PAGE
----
Resource-Saving Tips For Ferret Owners

Bob Church offers tips to help ferret owners conserve water and ferret food.

ferret being bathed

Courtesy of Heath and Jaime Graham

Ferrets don’t usually need a bath very often.

In today’s economy, it is tough for ferret shelters — and even ferret owners — to make ends meet. One way to help insure adequate funds is to conserve resources; every dollar saved is one that can be applied to better ferret food, vet bills, or many other expenses. In some cases, conserving resources can result in a significant increase in funds.

Saving Water With Ferrets
Bathing: If a ferret is having surgery, is slimed with poo or another noxious substance, or if it is about to participate in a ferret show, it needs a bath. Otherwise, ferrets usually don’t need baths. Ferrets spend a considerable amount of time grooming, and they do it excellently. Soapy baths remove skin and fur oils along with dirt, making skin dry and itchy. Frequent bathing can stimulate production of skin oils to increase ferrety odors. Older or sick ferrets can become chilled as moisture evaporates and cools the skin. However, ferrets new to your home should always be bathed immediately to assist in looking for fleas and skin problems.

Whenever possible, use a baby-approved cleansing cloth to spot-clean fur rather than dunking a ferret into soapy water. This facilitates human-ferret bonding by mimicking the jill licking the kit. When you do bathe a ferret, use a plastic tub so you can recycle the water for your plants.
• Fewer Ferret Baths Pro: A lot of time and resources can be saved; ferret skin and fur do much better; old or sick ferrets don’t get chilled.
• Fewer Ferret Baths Con: Bath time is bonding and handling time; recycling water is a pain.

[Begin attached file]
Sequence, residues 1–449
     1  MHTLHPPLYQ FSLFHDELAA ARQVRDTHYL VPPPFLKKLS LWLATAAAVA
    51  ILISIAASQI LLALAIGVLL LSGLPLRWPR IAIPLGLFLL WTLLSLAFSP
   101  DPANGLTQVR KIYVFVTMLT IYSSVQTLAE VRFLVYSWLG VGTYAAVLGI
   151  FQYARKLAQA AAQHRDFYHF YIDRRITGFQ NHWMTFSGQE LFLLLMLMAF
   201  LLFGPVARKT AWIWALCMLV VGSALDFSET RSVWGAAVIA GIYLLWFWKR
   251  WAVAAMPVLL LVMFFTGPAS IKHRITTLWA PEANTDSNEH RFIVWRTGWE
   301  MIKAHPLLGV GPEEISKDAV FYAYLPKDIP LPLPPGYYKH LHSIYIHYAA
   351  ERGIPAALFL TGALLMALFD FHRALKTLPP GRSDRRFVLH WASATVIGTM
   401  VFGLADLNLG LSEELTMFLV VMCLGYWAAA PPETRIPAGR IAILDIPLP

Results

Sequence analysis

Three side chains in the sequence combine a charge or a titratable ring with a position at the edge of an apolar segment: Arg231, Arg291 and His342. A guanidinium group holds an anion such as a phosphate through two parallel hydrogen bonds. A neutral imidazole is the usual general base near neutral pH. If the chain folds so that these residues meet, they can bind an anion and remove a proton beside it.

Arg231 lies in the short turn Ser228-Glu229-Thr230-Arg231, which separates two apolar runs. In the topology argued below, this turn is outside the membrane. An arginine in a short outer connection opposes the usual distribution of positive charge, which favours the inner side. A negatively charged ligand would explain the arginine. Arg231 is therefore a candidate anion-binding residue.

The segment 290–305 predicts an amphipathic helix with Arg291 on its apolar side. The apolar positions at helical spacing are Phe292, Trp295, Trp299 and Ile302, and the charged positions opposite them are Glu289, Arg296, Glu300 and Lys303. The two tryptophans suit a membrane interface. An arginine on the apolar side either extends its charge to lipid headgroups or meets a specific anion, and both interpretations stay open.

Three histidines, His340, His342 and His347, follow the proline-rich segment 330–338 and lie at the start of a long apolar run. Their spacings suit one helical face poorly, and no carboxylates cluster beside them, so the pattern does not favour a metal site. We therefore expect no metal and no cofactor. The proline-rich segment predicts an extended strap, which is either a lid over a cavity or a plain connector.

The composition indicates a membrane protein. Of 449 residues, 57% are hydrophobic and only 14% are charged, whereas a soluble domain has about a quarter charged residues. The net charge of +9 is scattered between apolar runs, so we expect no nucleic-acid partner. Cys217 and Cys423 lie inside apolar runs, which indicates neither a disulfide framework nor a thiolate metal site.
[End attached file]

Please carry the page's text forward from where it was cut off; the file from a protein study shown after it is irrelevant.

Laundry: Excluding veterinary care, perhaps the largest consumer of ferret-oriented resources is laundry. For eight ferrets, I do about four normal-sized loads of washing per week. Water, time and money are saved with each load eliminated from the laundry cycle. Eliminating short loads and using cold water saves a bundle.
• Ferret Laundry Pro: Cold-water detergent works well and saves hot water; poo dissolves if pre-soaked prior to the wash cycle.
• Ferret Laundry Con: Saved laundry can be stinky; cold water allows staining; pre-soaking can limit access to the washing machine.

Paper Bedding: Compostable paper, such as newspaper and some junk mail, can be turned into bedding, especially when used in nest boxes or for sick ferrets. You can tear the paper or run it through a shredder. Wet or dirty paper can be added to the compost heap or placed into garden litter.
• Ferret Paper Bedding Pro: Dirty bedding can be thrown away; bedding is virtually free; paper bedding is very comfortable and insulating; you are recycling and composting rather than consuming.
• Ferret Paper Bedding Con: Loose paper shreds can be a fire hazard; wet bedding is nasty and cold; sick or aged ferrets might need frequent monitoring to insure clean bedding.

Water Dish and Bottle: Ferrets using a water bowl frequently drop food and dip parts of their body into it, so water must be changed daily. Water bottles prevent body parts or large food particles from contaminating water, but ferret saliva — and the microscopic food and bugs in it — cling to the metal ball and roll into the water reserve above it. Thus, water bottles should be changed frequently as well. Rather than dump the water into the sink, recycle it to help out your plants, or add ¾ cups of bleach per gallon of water and use it to clean cage furniture. Be sure to rinse well and let air dry before use.
• Ferret Water Dish And Bottle Pro: Water saved is money saved and aquifer preserved.
• Ferret Water Dish And Bottle Con: Time spent changing water.

Water Play: Ferrets sometimes play or dig in water, or soak themselves if warm or feisty. Not a lot can be done to prevent this, other than switching to a bottle. A water-loving ferret might be enticed to soak in a tub of shallow water, but it still might play in the water bowl. This is frequently boredom play, so using enrichments might help. If a ferret clearly shows it enjoys water play, it might be better to add a water bottle, but leave the water bowl and accept spills.
• Ferret Water Play Pro: Switching to a water bottle prevents problems.
• Ferret Water Play Con: Eliminating play opportunities might increase stress and boredom.

Saving Ferret Food
Solution To Ferret Food Spillage By Digging: All ferrets occasionally dig in kibble. Kibble can drop to the floor, fall onto the yucky part of the cage or become spoiled in a myriad of other ways. Some bowls are designed to save food from being dug out, which might be the best solution for a few ferrets. I’ve found older or sick ferrets sometimes have difficultly eating from such bowls.